Big Blessings,Small Packages
- By Laurie Watanabe
- Apr 01, 2008
In this issue, we talk about seating & mobility for very small children. Since we often hear that MM readers want the end-user’s perspective, I chatted with Deborah Davis, whose daughter, Rylee, has a genetic metabolic condition called nonketonic hyperglycinemia (NKH).
I heard of Deborah, a self-described firecracker from West Virginia, through Greg Allison at Dreamer Design. Deborah is such a huge fan of the company that she agreed to an interview in the midst of battling walking pneumonia.
What ensued was an hour in which Deborah described her family — including husband Aaron and oldest daughter Ryann — as “normal,” when in fact they’re remarkable…starting with Rylee. “When we brought Rylee home, the only option we were given, because of her prognosis, was hospice,” Deborah says of her almost 4-year-old. Rylee’s condition is so rare that little is known about it. “It’s not like I can go to the library to learn about it,” Deborah says. “They don’t know anything; Rylee’s teaching the doctors.”
Rylee didn’t wake up during her first year; her family called her Sleeping Beauty. Then she awoke: “They told us she would never even do that,” Deborah remembers, but Rylee now “turns her head and looks for us, and she snorts and does different sounds so we know what her needs are.” Today Rylee recognizes the voices of her family and has become a beautiful little girl with blue eyes and a rush of long curls. “She started to respond to pain in the last year,” Deborah says. “If you get that hair wrong, she screams bloody murder.”
The Davises lost Rylee’s little sister, Kaymaen, to NKH in 2006. That’s when Deborah first called Dreamer Design. “The very first thing I said,” Deborah recalls, “was ‘Please, whatever you do, don’t hang up on me. I’m desperate, I have to have something for my child!’ We had just lost Kaymaen, and I was just so beat-down emotionally from having lost a child and realizing how precious our time is with Rylee.”
But Deborah seems unable to stay beaten-down for very long. For instance, she says about Dreamer Design’s willingness to help, “They gave us back our life with our daughter. They stopped for a moment and remembered it’s not about the money, it’s not about the glory, it’s not about mass production. It’s about taking care of one child at a time, one need at a time.” Then she pauses. “Ooh,” she laughs at her quote. “That was good!”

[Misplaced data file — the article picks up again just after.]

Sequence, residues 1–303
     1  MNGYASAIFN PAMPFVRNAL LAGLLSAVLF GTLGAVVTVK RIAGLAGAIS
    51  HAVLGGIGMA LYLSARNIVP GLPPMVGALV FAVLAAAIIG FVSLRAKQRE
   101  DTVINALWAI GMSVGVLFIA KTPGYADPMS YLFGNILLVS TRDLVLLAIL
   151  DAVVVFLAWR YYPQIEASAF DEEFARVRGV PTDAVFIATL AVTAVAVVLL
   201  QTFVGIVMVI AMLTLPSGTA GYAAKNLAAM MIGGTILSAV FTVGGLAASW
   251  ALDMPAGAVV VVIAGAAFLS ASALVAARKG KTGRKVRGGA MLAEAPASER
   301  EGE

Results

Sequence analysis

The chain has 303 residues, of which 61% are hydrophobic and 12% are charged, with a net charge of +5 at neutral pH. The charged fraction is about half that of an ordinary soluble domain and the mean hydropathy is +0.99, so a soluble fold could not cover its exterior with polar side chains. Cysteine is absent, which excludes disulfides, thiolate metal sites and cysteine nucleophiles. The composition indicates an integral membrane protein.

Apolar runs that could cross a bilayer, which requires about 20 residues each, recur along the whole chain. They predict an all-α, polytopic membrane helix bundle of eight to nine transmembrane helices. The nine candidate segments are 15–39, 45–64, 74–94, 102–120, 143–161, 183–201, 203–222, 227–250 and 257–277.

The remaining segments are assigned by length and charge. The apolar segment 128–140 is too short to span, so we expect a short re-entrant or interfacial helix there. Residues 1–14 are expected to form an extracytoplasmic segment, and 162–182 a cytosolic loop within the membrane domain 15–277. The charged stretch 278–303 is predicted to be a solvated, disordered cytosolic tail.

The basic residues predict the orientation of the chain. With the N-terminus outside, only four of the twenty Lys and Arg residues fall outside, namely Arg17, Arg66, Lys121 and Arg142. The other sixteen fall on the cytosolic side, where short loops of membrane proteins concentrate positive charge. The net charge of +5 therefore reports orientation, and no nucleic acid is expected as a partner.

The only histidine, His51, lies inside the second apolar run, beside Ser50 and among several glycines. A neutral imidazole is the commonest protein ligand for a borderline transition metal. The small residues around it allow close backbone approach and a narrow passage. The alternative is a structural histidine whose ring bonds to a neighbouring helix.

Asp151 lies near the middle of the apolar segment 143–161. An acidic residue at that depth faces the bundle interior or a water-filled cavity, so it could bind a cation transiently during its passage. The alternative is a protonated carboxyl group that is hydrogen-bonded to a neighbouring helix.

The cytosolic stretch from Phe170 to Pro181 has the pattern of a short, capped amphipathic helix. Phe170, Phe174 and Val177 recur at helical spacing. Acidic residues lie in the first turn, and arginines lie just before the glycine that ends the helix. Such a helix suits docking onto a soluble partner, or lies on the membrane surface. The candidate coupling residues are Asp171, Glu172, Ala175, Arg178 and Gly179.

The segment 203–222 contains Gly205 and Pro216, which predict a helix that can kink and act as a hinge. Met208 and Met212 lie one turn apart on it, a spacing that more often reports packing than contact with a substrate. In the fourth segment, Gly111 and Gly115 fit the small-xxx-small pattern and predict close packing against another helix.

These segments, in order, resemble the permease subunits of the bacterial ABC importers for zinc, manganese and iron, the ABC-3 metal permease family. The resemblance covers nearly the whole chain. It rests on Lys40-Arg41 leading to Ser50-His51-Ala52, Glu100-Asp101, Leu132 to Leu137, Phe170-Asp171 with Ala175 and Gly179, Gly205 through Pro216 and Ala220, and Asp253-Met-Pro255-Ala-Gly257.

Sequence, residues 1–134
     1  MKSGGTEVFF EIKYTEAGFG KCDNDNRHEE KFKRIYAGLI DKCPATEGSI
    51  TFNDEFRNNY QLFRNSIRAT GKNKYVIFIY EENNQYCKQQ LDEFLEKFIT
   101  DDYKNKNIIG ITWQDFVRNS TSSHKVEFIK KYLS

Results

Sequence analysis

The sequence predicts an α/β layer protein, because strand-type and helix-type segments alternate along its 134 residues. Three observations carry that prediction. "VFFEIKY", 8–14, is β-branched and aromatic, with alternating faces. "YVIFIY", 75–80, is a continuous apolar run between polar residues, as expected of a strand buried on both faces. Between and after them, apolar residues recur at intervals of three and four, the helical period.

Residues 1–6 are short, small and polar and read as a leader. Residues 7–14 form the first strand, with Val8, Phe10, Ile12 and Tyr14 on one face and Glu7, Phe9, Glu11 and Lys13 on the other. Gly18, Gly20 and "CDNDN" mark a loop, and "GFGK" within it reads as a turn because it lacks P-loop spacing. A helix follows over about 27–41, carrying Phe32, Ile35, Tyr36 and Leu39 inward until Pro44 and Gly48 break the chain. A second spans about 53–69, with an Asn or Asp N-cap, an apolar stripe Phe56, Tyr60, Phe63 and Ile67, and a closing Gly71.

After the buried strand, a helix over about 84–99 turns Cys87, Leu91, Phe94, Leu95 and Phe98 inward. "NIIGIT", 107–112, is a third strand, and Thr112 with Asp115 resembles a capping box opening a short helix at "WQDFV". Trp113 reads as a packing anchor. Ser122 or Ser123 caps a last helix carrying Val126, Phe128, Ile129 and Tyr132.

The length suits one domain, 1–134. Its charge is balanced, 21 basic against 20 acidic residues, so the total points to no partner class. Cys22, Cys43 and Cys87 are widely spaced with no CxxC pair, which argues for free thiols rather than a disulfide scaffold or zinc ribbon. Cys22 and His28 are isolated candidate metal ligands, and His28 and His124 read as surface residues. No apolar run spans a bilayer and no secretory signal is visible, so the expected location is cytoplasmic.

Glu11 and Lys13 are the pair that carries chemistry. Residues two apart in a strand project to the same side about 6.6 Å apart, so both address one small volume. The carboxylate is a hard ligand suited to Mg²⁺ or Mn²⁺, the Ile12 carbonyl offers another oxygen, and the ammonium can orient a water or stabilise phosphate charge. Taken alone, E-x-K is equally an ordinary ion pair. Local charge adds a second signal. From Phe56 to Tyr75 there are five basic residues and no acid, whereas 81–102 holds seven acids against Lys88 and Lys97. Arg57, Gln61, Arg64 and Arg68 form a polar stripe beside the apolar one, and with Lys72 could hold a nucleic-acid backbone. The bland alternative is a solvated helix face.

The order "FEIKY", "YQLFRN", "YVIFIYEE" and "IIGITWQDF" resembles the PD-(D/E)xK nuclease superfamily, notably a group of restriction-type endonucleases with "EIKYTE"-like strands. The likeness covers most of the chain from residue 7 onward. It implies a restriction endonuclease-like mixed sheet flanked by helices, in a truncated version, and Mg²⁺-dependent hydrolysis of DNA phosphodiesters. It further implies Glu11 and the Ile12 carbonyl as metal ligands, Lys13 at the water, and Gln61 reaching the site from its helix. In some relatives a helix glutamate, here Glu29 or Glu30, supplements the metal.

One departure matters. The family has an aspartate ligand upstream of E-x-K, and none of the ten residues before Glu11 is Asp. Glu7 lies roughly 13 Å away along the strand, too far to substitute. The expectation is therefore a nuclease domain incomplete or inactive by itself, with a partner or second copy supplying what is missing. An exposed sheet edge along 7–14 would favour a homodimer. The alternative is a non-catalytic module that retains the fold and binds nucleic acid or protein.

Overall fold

Perhaps because they know life’s challenges firsthand, Aaron and Deborah do a lot of volunteer work. Deborah goes to the local hospital to support parents of special needs kids, even if the call comes in the middle of the night. “Rylee’s next tube feeding isn’t till 2 a.m.,” Deborah says, explaining why a midnight counseling visit isn’t a problem.
Deborah entertained me with a tale of making a Valentine’s Day gift for Aaron: Ryann contributed a painted handprint, but when Rylee couldn’t unclench her hands, Deborah carefully sat her in the paint to create a derriere print. Deborah told of raising funds last year to send two families on Make a Wish trips, and how the first annual resource fair for families with special needs, called Rylee’s Rally, was held last month at nearby Marshall University. But Deborah still denies her family is overly different.
“We’re still just a normal family,” she insists. “We’ve just been given an extraordinary circumstance to deal with. We still want to be normal. We shouldn’t have to sacrifice.”
Then Deborah grins again. “What is normal?” she muses. “It’s that thing on the dryer nobody uses. Everybody uses Fluff or Air Dry. What is normal? It’s all relative to each specific family….We’re not going to live a defeatist lifestyle. We’re still blessed.”
Exactly how I felt after meeting Deborah.
This article originally appeared in the April 2008 issue of Mobility Management.
Laurie Watanabe is the editor of Mobility Management. She can be reached at firstname.lastname@example.org.